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Kim Ramsden / Chris Bauer, PR Co-Directors, Science Museum of Minnesota, (651) 221-9423
FOR IMMEDIATE RELEASE: August 15, 2013
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PROJECT NO WASTE RESULTS ARE IN: SCIENCE MUSEUM OF MINNESOTA QUADRUPLES ITS RECYCLING RATE
Downtown Saint Paul museum recycled 75% of its total waste last quarter
St. Paul, Minn. – The Science Museum of Minnesota announced this week that it has quadrupled its recycling rate since the 2011 launch of Project No Waste, its comprehensive waste management program.
Results of a fiscal year-end assessment revealed that the Science Museum achieved its goal of a 75% recycling rate in the fourth quarter of fiscal year 2013 (ending June 30, 2013). From July 1, 2012 through June 30, 2013, the Science Museum recycled more than 187 tons of material.
"One of our goals for Project No Waste—in addition to reducing the amount of trash we put in landfills—is to serve as a model for our community at large," says Mike Day, Senior Vice President at the Science Museum of Minnesota. "Any building that serves a large number of people, whether a business, a school, or an apartment or condominium, can learn from us and our success in reaching an ambitious goal. With the support of our museum visitors and staff, we have learned what it takes to fulfill a firm commitment to waste reduction."
Project No Waste began with an overall waste management assessment, which revealed that the museum was recycling only 18 percent of the more than 500,000 pounds of waste it generated each year. The result was the implementation of an ongoing program that involves waste management and recycling from all areas of the museum—from the loading dock to Elements Café, from the exhibit production shop to the classrooms.
More than half of the material going through the museum's waste stream has been funneled into a new, more comprehensive organics recycling—or composting—program. Construction waste from the museum's exhibit production shop is another big portion of total waste; Project No Waste has focused on isolating and recycling these larger items. The Science Museum has also placed renewed effort on properly sorting and recycling paper, plastic, aluminum and glass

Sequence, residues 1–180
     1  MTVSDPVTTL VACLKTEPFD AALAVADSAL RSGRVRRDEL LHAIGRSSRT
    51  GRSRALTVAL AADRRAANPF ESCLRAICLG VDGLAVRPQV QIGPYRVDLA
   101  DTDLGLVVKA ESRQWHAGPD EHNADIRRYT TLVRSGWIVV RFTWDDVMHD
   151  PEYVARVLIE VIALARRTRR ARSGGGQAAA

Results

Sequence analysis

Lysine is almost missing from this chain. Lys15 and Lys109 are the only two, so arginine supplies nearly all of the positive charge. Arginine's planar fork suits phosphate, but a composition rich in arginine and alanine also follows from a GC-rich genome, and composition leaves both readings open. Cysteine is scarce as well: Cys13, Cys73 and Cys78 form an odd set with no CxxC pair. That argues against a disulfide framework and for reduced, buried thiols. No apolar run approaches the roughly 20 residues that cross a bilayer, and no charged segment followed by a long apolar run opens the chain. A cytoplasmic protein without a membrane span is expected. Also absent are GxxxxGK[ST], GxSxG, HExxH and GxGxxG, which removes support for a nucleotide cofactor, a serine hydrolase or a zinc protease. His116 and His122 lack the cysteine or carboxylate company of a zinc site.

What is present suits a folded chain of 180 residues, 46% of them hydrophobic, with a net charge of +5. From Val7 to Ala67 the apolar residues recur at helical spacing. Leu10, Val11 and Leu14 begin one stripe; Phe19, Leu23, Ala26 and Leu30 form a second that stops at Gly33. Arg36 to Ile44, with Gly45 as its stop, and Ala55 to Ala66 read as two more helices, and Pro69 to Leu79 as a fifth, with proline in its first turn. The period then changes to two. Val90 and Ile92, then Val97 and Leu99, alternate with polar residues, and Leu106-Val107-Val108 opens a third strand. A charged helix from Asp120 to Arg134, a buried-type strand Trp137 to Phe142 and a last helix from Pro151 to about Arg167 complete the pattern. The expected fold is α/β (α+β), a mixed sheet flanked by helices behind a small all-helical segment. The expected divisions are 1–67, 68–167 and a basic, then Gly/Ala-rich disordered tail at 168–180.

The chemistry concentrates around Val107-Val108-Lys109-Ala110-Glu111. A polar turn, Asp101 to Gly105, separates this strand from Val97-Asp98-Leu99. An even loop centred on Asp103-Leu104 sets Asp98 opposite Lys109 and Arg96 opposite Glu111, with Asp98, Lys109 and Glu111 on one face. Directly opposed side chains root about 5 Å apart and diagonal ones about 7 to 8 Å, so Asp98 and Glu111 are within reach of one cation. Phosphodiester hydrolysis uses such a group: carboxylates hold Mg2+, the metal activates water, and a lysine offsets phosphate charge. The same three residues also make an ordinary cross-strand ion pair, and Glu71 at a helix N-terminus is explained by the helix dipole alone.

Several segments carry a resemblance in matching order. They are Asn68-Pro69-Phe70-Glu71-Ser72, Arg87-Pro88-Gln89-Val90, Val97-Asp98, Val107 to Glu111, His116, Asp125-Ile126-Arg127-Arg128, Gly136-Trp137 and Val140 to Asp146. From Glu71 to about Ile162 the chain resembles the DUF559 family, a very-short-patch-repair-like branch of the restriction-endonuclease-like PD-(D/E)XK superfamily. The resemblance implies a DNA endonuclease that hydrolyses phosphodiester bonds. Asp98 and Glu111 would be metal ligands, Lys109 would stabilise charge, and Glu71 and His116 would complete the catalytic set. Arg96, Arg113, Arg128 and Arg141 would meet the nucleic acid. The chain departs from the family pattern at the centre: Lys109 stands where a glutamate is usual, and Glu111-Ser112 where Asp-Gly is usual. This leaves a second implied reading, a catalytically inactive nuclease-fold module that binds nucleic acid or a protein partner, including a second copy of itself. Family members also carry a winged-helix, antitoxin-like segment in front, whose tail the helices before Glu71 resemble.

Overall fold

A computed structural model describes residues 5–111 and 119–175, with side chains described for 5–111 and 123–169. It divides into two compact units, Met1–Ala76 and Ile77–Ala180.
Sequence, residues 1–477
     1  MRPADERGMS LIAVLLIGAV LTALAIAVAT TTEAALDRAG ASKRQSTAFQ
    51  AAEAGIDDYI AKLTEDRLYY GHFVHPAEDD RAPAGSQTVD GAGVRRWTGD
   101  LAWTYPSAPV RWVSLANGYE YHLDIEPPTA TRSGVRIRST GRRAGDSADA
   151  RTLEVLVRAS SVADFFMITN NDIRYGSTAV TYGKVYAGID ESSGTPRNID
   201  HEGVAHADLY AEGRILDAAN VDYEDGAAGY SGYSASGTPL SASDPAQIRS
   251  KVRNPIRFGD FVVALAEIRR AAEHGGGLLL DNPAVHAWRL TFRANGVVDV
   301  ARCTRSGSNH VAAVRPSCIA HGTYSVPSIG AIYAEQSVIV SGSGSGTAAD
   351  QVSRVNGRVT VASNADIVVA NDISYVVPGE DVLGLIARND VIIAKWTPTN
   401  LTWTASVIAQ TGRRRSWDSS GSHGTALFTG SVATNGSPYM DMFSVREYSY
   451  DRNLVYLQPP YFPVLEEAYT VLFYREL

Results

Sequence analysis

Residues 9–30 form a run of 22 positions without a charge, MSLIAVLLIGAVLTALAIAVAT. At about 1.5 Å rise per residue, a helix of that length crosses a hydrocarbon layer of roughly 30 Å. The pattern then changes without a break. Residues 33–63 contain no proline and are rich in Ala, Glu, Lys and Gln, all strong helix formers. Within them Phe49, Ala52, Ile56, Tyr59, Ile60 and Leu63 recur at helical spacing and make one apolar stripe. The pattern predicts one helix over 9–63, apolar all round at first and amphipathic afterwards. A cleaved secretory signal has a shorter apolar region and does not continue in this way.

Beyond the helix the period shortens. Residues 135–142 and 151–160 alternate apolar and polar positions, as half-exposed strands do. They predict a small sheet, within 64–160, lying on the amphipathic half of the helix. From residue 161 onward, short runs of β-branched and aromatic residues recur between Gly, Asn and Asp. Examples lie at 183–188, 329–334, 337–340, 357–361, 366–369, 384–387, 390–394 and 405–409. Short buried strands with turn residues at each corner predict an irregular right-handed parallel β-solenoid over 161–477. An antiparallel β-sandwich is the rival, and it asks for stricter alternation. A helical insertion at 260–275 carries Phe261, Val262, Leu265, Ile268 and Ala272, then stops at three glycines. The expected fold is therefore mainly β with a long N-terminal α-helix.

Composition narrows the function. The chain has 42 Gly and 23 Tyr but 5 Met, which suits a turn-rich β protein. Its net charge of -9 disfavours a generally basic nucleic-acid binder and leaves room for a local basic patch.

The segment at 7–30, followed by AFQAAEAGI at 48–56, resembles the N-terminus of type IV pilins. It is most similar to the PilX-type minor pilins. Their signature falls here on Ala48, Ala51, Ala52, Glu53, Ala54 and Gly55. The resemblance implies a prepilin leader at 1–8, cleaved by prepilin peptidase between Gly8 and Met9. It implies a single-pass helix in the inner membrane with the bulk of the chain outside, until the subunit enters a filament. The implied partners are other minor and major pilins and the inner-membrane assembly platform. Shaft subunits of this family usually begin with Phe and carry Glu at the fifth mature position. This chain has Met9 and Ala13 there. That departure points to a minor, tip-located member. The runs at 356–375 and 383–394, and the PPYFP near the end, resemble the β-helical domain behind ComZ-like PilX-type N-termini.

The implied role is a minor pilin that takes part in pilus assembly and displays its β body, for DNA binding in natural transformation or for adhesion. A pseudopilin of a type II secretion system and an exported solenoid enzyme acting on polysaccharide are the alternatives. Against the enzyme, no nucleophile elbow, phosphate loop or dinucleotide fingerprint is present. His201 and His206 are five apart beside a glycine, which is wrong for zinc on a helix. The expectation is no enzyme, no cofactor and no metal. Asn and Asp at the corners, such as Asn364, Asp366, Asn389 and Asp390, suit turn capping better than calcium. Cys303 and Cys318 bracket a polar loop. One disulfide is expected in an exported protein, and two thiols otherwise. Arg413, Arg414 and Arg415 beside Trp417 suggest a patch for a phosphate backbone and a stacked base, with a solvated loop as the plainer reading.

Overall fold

Project No Waste has a visible presence in all the museum's public spaces, as well as in the kitchens and back-of-house staff areas. The waste collection receptacles were specifically designed for simplicity and ease-of-use, with clear labeling that features pictures of items that can go in specific bins. Behind the scenes, the museum invested in an infrastructure that features equipment and technology that allow custodial staff to easily and efficiently manage the waste disposal and recycling process.
In the early stages of the initiative, the museum offered thorough recycling education for Science Museum staff in behind-the-scenes areas, and staff members and volunteers were on hand to help visitors sort their waste into the proper bins. After two years of implementation, staff and visitors are finding that proper disposal of trash and recyclables has become almost second-nature.
Project No Waste was made possible, in part, through a grant from the Minnesota Pollution Control Agency (MPCA), with assistance from the City of Saint Paul. Its success has inspired the MPCA to use it as an example. They will use the Science Museum's development, design and production services to create an exhibit that will illustrate the power of composting. Once complete, it will open at the Science Museum and travel around the state. Planning for this project begins later this summer.
Among the nation's largest and most esteemed science museums, the Science Museum of Minnesota inspires hundreds of thousands of people each year. The museum conducts research, collects and preserves artifacts, produces and distributes award-winning exhibits and giant screen films, and offers educational programs for children, families, and adults. For more information, call (651) 221-9444 or visit www.smm.org.
Project No Waste public website - www.smm.org/projectnowaste